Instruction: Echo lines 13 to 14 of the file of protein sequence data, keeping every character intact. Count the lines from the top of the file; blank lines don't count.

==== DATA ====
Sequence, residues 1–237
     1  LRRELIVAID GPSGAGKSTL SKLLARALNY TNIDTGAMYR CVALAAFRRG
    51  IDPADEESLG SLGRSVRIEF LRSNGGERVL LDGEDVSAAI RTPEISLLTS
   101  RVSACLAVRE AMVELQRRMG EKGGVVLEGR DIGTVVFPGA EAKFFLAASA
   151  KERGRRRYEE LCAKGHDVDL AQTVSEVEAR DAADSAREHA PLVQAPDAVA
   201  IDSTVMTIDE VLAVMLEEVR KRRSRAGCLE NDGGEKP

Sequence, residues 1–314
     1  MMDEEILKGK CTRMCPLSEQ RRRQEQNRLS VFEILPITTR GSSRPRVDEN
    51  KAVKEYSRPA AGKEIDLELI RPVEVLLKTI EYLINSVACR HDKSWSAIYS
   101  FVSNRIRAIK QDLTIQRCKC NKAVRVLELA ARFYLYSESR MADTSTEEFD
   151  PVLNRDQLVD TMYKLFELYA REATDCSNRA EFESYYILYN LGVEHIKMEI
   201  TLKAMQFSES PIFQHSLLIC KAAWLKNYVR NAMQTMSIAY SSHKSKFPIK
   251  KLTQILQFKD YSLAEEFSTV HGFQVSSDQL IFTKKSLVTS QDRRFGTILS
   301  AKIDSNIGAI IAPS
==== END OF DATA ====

   251  KLTQILQFKD YSLAEEFSTV HGFQVSSDQL IFTKKSLVTS QDRRFGTILS
   301  AKIDSNIGAI IAPS